Extreme weather events are becoming an increasingly significant threat to the global economy. Data from the World Economic Forum’s (WEF) Global Risks Report 2024 show that the effects of climate change are one of the most pressing concerns for the next two years and could worsen over the decade, causing severe economic losses and affecting the growth of countries. The risks are particularly high for developing ones, more vulnerable to climate disasters. The study also reveals that frequent storms, floods, and droughts can destroy infrastructure, impact financial stability, and disrupt supply chains by raising agricultural production costs and intensifying global inequality. The way forward is a concerted worldwide effort to mitigate these risks.

According to Cristina Reis, Undersecretary for Sustainable Economic Development at the Brazilian Ministry of Finance’s Secretariat for Economic Policy, the global effort to face this scenario entails “preparing countries to avoid these climate risks, promoting economic development paths that are environmentally sustainable and socially just”.

WTO report notes increasingly positive impact of technical assistance activities (WTO)

The WTO’s Annual Report on Technical Assistance, released on 6 June, reveals a strong rebound in technical assistance and capacity-building activities in 2023 following three years of disruption due to the COVID-19 pandemic. Digital technologies are increasingly being integrated into these activities while teaching methods are regularly adapted to enhance the effectiveness of the activities in improving the trade know-how of government officials from developing economies.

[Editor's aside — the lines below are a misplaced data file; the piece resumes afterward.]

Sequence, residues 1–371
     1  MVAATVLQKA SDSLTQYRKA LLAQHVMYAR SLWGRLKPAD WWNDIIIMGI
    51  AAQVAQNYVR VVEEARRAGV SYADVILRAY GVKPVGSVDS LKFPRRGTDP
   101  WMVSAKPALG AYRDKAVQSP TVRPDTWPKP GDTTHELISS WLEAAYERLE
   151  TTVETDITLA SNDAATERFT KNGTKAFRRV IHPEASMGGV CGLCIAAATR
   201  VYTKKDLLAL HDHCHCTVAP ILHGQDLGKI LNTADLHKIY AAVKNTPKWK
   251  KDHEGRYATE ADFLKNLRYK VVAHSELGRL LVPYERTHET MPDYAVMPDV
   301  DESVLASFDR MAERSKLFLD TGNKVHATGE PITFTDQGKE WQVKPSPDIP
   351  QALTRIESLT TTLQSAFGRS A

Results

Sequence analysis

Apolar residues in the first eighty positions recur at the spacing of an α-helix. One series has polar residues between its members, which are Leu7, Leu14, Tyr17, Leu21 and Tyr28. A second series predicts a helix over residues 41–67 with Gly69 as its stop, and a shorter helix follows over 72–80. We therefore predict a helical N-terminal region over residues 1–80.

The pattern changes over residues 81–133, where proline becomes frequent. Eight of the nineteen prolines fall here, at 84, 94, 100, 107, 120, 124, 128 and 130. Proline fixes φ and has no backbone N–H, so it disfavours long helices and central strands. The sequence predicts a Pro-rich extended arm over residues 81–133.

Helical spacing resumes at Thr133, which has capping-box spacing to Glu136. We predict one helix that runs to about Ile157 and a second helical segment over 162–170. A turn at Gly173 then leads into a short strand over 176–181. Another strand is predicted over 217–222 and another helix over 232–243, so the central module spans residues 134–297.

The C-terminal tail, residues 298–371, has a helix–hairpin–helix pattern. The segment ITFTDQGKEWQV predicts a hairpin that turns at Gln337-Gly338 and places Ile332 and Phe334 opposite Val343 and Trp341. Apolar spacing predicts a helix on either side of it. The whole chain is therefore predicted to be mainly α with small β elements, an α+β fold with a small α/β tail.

“More than just a year of recovery, 2023 witnessed the first visible signs of sustainable transformation in the delivery of technical assistance activities”, WTO Deputy Director-General Xiangchen Zhang said in the foreword. “The constraints of the last few years and their associated effects have pushed us in a forced march towards reinventing our practices and curriculum. Donors should be congratulated for their generous contributions throughout these difficult times.”

UN Trade and Development (UNCTAD) releases annual report 2023 (UNCTAD)

Themed “Trade: Unlocking sustainable strategies for people, planet and prosperity”, the report outlines how UNCTAD adapted to deliver for its 195 member states amid the evolving global challenges of 2023.While some economies navigated a soft landing, many developing countries continued to suffer disproportionately from weak growth of trade and investment, growing debt burdens, supply chain disruptions, and the ongoing climate crisis. Led by Secretary-General Rebeca Grynspan, UN Trade and Development redoubled its efforts to advocate for developing economies on the world stage, while continuing to advance its three pillars of work in the fields of research and analysis, consensus building, and technical cooperation.